- The Dancing Ladies
the turbines were installed in 2003, they have proven to be the
mainstay of income generation for the Isle of Gigha Heritage Trust.
The three turbines produce a total of 675 kW maximum capacity and
this power is exported directly to the national grid. They fully
paid for themselves of loans, grants and share issues since March
2009, and therefore any monies generated by the turbines can be
passed straight on to the trust.
turbines are serviced twice in year, each turbine receiving both
a Minor and a major service. With service regime, we hope to maintain
maximum efficiency and production of the turbines for as long as
possible -- any service issues found dealt with immediately, and
Vestas have proven to be the extremely dependable service organisation.
2008 it has been possible to remotely monitor, and in some situations
remotely restart, the turbines from my PC at home. This has proven
to be an invaluable to allowing frequent checks of the turbines
and hopefully early warning of any significant issues from my office
where I'm typing this. I can see 213 revolving slowly in a South
Easterly wind, and it is extremely satisfying to remotely restart,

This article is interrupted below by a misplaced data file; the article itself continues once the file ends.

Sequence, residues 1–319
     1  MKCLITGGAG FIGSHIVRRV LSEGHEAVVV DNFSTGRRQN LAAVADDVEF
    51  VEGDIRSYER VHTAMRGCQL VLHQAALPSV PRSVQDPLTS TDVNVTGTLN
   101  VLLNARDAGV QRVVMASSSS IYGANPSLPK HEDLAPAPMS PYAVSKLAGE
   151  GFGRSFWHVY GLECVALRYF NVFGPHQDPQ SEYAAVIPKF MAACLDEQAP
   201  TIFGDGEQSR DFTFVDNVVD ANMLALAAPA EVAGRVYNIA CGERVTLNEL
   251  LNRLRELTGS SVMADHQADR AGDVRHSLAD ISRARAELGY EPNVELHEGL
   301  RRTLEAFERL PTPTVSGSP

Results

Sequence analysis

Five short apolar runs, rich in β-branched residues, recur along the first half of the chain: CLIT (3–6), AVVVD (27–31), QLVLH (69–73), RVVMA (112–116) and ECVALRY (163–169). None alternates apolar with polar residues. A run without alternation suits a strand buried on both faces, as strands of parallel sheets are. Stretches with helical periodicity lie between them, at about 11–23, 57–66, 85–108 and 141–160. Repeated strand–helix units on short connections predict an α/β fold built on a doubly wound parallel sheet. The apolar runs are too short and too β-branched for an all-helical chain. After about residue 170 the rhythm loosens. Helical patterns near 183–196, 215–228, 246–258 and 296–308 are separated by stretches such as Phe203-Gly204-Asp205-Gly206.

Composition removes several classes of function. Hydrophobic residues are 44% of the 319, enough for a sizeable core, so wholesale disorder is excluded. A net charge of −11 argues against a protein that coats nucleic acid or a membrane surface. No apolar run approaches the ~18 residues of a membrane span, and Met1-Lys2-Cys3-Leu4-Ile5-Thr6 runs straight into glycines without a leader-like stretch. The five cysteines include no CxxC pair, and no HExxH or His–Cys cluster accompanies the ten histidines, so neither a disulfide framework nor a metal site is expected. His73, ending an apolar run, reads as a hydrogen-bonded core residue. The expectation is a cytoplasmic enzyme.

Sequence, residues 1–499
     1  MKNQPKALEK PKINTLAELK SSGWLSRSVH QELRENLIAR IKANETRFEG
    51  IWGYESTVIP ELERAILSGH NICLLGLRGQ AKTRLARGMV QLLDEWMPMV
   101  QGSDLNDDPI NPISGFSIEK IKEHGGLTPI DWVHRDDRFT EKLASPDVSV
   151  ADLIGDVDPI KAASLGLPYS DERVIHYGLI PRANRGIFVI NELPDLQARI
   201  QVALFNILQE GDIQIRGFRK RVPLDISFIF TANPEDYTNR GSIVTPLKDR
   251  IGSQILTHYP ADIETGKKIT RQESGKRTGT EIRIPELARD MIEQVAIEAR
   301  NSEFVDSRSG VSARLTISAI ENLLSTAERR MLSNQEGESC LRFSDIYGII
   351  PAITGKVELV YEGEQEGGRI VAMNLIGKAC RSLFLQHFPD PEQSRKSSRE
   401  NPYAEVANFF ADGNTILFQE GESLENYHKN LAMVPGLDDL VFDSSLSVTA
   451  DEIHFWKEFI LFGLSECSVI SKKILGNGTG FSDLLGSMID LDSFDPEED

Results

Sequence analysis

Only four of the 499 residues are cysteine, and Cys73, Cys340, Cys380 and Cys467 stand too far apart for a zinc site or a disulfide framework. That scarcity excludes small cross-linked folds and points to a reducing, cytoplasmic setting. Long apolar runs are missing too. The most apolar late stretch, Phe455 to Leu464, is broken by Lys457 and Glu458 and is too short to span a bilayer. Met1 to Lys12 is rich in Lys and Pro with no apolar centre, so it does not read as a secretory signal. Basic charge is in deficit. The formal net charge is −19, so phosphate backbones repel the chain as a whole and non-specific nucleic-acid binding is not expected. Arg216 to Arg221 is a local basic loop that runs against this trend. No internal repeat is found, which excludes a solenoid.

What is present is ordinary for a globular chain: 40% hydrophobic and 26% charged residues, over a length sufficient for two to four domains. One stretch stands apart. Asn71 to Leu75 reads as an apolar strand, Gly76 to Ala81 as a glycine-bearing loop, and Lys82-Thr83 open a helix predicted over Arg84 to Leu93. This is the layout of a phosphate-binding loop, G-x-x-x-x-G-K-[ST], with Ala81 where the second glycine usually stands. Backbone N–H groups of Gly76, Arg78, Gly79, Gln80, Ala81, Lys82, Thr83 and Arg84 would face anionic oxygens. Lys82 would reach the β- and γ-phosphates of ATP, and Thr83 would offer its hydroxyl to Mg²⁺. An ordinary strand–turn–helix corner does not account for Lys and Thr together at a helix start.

turbine 3 miles away at to see it slowly start out the window. I
should say that remotely restarted turbines is an infrequent event.
If the turbine it has stopped. It is much safer to visit the turbines
to absolutelyensure that the error is cleared, prior to restart
turbines have not been without their dramas, we live in a part of
the world, where during the winter months it is not uncommon to
have extremely stormy conditions. We've had lightning strikes, which
caused a tremendous amount of damage to one turbine in particular,
a roof panel blown off an extreme winter conditions had a major
substation failure. The turbines have however proven to be extremely
durable, and the V27, renowned for its comparatively low-tech approach,
was an excellent choice for Gigha.
were concerns at the design and planning stage of the visual impact
of the three turbines at the south end of Gigha. I may be biased,
but I feel the turbines actually add to our skyline, rather than
detracting from it. There is a certain Majesty about the turbines,
and particularly when you stand close by then, they set an interesting
counterpoint to the fantastic views to the west, across the Islay
and Jura. It's also interesting to note that the land all around
the turbines is still farmed. The turbines themselves don't appear
to have had any direct impact on agriculture of the south end of
the island, and quite often. When I visit the turbines and fighting
my way through stirks and sheep, indeed T2 is often used as shelter
of feeding stirks.
here for the Gigha windmills FAQ
for news of the planned fourth turbine